By Rose Barrett
Sadly, only days before Taoiseach Micheál Martin TD and Water Safety Ireland called on the public to mark World Drowning Prevention Day, a man in his 60s drowned at Dollymount strand on Friday.
The man was taken from the sea circa 1.30pm, when it is believed he was unconscious following a possible cardiac arrest.
Emergency services attended the scene but pronounced the man dead after attempts to resuscitate him failed. Gardaí confirmed his body was taken to Dublin City Mortuary for a post mortem examination. Last October, another man (39) drowned at Dollymount Strand whilst participating in a fundraising kite-flying event.
Another man drowned in Tramore on Sunday bringing the total number of deaths nationally due to drowning to seven people within a week, more than three times the national average.
Water Safety Ireland warns that hot weather increases the risk of drowning. In warm temperatures, the open water is cooler and extended time in the sea/river/lake can result in muscles getting cold and swimming becoming difficult.
Alcohol is a factor in one third of all drownings and the organisation warns against swimming after any alcohol has been taken.
Sunday last saw the first ever UN Resolution on drowning prevention introduced, an initiative of Ireland and Bangladesh that aims to address a global killer that takes an average of 115 lives in Ireland every year. From 2010-2020, drowning was responsible for 1,151 deaths in Ireland and over 2.5m preventable deaths worldwide.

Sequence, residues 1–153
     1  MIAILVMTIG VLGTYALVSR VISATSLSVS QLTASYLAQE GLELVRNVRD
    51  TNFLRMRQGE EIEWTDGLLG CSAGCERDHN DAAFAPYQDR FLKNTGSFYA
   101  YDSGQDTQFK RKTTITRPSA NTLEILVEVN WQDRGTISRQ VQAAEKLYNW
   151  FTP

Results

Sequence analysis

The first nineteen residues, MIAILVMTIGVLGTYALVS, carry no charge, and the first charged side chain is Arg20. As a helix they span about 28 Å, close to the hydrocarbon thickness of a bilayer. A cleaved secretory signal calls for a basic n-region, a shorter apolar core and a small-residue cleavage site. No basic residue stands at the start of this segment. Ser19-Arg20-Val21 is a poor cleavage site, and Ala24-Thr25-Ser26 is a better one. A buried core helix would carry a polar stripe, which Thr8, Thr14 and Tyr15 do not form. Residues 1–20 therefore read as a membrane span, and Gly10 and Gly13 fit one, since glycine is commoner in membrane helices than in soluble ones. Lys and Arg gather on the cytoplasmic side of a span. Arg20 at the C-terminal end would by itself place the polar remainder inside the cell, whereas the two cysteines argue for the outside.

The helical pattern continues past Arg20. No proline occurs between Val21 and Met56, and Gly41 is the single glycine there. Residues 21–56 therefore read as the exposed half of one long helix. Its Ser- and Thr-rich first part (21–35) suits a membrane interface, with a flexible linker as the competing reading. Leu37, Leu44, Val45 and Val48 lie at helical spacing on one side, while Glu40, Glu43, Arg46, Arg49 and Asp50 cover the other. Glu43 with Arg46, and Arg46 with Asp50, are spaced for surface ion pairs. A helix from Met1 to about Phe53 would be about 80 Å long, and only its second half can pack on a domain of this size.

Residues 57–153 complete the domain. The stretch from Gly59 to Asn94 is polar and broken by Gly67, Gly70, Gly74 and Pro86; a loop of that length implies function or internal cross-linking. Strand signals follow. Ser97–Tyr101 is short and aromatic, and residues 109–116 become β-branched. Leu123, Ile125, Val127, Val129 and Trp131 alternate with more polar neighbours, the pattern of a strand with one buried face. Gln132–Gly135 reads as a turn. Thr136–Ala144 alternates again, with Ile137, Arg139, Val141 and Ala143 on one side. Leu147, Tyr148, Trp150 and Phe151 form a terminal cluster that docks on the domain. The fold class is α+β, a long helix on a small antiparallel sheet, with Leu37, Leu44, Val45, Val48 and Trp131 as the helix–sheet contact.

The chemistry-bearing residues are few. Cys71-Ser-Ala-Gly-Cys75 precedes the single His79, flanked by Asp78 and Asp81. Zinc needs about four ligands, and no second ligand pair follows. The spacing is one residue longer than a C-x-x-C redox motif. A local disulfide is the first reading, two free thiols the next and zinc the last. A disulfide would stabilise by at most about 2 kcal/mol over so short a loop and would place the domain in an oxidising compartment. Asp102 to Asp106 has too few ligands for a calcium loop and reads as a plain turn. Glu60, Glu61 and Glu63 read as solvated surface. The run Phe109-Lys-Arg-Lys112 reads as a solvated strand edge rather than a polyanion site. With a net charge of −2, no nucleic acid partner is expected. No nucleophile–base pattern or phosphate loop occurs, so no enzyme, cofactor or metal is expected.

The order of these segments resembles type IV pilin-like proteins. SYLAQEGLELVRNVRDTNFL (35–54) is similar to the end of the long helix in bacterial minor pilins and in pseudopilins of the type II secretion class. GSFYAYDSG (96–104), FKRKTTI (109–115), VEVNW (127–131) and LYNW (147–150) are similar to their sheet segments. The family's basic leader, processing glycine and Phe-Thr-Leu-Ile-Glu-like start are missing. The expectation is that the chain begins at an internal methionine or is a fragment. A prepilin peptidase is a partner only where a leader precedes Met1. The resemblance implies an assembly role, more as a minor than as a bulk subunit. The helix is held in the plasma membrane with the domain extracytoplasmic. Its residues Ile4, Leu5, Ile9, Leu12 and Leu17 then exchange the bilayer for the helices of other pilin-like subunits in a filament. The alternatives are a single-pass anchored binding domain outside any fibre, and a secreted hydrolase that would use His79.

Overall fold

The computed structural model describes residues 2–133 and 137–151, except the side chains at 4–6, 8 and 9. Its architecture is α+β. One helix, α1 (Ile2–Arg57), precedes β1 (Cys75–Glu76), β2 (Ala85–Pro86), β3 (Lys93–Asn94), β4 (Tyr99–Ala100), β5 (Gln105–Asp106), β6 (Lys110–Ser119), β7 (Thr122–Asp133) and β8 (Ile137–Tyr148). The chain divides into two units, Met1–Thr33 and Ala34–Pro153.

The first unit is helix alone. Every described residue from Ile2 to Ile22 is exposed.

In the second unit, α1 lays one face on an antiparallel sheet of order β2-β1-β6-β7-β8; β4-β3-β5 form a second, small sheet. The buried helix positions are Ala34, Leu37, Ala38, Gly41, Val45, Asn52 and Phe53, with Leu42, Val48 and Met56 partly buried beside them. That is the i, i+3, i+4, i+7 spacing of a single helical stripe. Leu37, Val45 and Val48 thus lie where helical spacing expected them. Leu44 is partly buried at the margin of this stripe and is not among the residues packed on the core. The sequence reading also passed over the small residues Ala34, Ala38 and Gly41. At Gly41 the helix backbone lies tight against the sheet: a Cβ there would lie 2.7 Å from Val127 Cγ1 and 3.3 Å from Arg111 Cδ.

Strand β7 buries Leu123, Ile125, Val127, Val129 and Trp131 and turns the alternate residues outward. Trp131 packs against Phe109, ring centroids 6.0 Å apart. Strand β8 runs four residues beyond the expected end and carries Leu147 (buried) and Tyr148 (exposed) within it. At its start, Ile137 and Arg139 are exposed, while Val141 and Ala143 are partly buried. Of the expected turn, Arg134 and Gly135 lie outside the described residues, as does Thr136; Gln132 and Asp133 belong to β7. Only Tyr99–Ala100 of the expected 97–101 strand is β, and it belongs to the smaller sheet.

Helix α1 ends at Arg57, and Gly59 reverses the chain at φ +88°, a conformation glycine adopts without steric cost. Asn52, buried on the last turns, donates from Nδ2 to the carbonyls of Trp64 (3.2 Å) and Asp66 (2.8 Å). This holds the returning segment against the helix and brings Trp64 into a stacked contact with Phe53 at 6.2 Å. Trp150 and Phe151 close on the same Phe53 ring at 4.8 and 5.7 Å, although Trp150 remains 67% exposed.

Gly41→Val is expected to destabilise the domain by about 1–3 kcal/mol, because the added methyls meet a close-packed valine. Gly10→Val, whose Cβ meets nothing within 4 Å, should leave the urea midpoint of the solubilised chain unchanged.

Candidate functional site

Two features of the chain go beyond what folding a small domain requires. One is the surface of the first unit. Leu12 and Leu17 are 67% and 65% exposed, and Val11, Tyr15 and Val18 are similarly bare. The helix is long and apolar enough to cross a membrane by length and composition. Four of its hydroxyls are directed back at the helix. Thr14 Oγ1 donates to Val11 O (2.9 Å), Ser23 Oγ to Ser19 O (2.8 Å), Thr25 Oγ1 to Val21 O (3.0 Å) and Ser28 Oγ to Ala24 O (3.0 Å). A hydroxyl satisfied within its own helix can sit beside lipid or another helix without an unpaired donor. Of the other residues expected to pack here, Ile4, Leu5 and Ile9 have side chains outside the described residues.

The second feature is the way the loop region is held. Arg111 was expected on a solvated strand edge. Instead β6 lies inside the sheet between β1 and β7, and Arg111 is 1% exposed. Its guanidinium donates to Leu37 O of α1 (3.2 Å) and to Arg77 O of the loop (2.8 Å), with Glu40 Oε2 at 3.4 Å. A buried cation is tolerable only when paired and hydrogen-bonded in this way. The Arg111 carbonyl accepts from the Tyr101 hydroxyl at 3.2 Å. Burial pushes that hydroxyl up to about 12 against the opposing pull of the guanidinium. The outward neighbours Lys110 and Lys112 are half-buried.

“It is a significant, preventable public health issue,” noted Water Safety Ireland which also stated that many people were swimming in open waters for the first time this year, and may not have had swimming classes for more than 15 months.
Water safety and knowing the dangers of open sea swimming should be part of the conversation with family/loved ones before one even leaves home.
It encourages swimmers to adhere to the following guidelines to stay safe:
Always swim and stay within your depth; swim where possible at a manned lifeguard waterway or at areas that are known locally as safe and where there are ringbuoys present for rescues.
Make sure that the water’s edge is shallow shelving so that you can safely enter and exit. Never use inflatable toys in open water; a gentle breeze can quickly bring a person away from shore. Never leave a child unattended at a garden paddling pool or near water containers. Always wear a lifejacket when participating in water sports on or near water.
If you see someone in difficulty, these simple steps may save a life:
- A. Shout to the casualty and encourage them to shore. This may orientate them just enough.
- B. Reach out with a long object such as a branch or a piece of clothing but do not enter the water yourself.
- C. Throw a ringbuoy or any floating object and call 112 for the coast guard. Ireland averages ten drownings every month.
“Anyone can drown, no one should” concluded Water Safety Ireland. “Please inform your family of this advice and get more safety tips at www.watersafety.ie.”